PROVIDENCE, R.I. — Rhode Island is one of five states that enacted limits on first-time opioid prescriptions this year after the U.S. Centers for Disease Control and Prevention called for even tighter restrictions.

The rules were among a package of bills pushed by lawmakers and Democratic Gov. Gina Raimondo’s Overdose Prevention and Intervention Task Force, and they are meant to provide a comprehensive approach to the opioid overdose crisis. In addition to the limits on first-time prescriptions, the package included provisions meant to require better follow-up care and treatment options for people with substance abuse problems, improve monitoring of opioid prescriptions and better insurance coverage for opioid overdose antidote drugs and alternative therapies such as acupuncture.

The new rules restrict initial prescriptions for outpatient adults to 20 doses of 30 morphine milligram equivalents each. The rules do not apply to patients with pain associated with cancer, or to palliative or nursing home care, and apply only to those with acute, not chronic, pain.

Nicole Alexander-Scott, director of the state Department of Health, said doctors were taught years ago that opioids were a safe way to treat pain, and the goal was for patients to be completely pain-free.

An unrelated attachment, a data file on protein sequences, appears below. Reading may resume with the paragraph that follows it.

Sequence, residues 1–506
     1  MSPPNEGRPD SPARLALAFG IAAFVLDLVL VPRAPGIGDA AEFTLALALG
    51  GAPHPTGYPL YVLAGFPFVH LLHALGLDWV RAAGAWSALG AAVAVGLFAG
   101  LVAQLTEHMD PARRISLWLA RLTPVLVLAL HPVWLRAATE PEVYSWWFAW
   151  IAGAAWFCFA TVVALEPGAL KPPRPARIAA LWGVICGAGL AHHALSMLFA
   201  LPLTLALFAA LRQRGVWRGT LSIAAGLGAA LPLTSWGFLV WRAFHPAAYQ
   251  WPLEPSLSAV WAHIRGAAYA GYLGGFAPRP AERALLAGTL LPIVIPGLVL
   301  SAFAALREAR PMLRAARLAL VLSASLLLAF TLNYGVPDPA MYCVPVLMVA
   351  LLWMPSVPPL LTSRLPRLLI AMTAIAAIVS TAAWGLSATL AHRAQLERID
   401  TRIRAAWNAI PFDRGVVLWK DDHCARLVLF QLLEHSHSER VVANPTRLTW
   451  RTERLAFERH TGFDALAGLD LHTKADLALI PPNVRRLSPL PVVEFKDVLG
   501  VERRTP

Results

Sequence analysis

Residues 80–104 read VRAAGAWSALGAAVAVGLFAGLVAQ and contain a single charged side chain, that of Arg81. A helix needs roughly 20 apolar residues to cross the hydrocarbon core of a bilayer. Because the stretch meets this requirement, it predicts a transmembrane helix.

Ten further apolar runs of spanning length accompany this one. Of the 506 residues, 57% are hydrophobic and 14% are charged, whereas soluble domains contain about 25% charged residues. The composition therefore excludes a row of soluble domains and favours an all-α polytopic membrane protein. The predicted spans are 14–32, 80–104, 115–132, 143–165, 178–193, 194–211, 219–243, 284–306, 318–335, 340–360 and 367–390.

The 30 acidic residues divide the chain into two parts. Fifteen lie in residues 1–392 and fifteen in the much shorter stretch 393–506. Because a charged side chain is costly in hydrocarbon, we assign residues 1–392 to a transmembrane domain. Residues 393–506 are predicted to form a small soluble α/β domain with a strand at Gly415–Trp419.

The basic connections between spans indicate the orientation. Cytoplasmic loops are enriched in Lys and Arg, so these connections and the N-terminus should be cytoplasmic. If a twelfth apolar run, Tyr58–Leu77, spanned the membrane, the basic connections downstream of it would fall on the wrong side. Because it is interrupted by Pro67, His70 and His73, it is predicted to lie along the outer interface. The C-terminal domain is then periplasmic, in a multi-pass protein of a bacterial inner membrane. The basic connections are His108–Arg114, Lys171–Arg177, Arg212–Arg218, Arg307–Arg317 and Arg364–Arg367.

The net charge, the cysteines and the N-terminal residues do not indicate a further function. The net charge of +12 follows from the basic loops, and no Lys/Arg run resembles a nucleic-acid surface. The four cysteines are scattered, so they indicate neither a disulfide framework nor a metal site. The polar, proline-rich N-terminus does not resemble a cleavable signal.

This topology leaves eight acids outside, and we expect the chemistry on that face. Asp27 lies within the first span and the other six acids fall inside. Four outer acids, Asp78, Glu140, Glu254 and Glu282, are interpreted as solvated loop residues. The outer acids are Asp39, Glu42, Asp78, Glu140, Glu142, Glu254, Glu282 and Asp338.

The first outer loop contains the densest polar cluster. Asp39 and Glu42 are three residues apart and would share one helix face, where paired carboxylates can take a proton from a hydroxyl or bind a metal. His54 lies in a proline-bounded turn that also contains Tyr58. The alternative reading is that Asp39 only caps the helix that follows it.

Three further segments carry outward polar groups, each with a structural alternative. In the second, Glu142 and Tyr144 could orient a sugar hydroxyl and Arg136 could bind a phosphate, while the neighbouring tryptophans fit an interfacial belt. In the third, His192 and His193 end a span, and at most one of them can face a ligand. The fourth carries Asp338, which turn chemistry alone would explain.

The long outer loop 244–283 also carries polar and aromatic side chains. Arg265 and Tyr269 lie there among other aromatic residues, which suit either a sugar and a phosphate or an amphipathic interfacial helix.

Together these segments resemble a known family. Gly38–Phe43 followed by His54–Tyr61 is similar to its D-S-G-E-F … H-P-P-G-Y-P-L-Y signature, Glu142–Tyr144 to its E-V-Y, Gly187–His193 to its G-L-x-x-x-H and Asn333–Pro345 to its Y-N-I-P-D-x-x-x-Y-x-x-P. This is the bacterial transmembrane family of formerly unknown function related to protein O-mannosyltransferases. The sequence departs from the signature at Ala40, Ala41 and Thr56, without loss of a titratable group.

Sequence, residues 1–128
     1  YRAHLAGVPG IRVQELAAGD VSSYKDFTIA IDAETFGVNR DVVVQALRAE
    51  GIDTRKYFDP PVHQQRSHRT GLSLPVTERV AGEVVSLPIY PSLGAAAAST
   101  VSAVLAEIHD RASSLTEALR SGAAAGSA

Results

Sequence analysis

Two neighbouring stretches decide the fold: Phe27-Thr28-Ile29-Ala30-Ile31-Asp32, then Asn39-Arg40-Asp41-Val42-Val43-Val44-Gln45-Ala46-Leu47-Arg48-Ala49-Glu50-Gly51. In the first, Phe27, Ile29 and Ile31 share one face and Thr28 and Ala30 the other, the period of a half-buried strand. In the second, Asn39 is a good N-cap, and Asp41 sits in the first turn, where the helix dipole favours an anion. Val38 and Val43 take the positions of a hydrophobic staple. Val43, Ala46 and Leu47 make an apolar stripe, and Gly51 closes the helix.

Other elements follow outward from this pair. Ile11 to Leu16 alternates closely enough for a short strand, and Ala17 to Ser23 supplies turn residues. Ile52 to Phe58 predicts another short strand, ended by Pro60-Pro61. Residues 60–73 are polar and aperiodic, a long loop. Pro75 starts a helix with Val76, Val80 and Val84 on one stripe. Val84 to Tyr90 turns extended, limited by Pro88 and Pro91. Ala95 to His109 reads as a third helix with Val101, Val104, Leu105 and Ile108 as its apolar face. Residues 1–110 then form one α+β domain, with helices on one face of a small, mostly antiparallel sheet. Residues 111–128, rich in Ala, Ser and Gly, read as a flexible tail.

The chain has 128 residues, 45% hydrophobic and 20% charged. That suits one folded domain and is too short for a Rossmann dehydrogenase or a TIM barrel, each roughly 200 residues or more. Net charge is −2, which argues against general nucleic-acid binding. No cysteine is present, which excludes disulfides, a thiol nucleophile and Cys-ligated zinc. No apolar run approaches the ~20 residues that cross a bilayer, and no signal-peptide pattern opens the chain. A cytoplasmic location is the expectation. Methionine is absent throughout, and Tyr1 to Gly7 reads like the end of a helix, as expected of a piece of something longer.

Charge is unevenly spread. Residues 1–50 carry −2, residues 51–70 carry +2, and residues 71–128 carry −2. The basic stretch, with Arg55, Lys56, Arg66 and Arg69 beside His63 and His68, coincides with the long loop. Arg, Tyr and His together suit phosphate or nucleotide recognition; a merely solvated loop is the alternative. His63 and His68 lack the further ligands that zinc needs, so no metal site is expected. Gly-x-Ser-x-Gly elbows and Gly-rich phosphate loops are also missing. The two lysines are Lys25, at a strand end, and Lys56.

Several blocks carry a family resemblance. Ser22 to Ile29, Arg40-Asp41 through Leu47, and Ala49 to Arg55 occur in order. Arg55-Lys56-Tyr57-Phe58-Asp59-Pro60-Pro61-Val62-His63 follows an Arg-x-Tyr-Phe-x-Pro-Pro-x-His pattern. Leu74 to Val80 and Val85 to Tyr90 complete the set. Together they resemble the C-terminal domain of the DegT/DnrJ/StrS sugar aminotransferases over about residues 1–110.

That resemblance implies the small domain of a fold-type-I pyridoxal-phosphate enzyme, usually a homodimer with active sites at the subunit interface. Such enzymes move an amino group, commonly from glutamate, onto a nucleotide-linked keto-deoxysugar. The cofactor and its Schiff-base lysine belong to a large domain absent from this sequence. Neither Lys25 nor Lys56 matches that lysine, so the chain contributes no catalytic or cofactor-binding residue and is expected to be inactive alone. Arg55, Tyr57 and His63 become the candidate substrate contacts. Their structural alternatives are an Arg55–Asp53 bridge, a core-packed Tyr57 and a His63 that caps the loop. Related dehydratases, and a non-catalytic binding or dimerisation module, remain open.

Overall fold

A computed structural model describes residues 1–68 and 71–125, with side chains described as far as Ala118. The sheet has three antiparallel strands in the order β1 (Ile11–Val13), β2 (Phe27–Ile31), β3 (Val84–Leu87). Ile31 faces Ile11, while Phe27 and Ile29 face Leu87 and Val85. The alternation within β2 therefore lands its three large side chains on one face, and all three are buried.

“It was normal to give a 30-day course for someone who only needed it for three days,” she said. “What we’re hoping to do with this legislation is to change the cultural dynamic. It is not safe to give people extra opioids if they don’t need it.”

Now, she said, the goal is to help patients live active lives while functioning with pain. That’s where alternatives such as acupuncture, physical therapy and massage come in, she said.

Connecticut, Maine, Massachusetts and New York passed similar restrictions, all with exceptions for patients with chronic pain. Alexander-Scott said the exception for chronic pain is an important one.

“Now that people are addicted, we can’t just cut them off,” she said.

Other aspects of the legislative package aim to create options for people who are already addicted and need help with treatment, she said.

In Rhode Island, nearly 1,700 people died of drug overdose from 2006 through 2014, according to the U.S. Centers for Disease Control and Prevention. In 2014, the rate of drug overdose deaths amounted to 23.4 people per 100,000 residents, the sixth-highest rate in the country. The CDC has indicated that prescription opioids and heroin account for the majority of drug deaths.

A joint investigation by The Associated Press and the Center for Public Integrity found that drugmakers that produce opioid painkillers and allied advocacy groups spent more than $880 million on campaign contributions and lobbying over the past decade as they worked to influence state and federal policies.

The investigation found approximately $20,000 of that was spent on contributions to state parties or candidates for state office between 2006 and 2015 in Rhode Island, which ranked 48th among states for the amount of spending.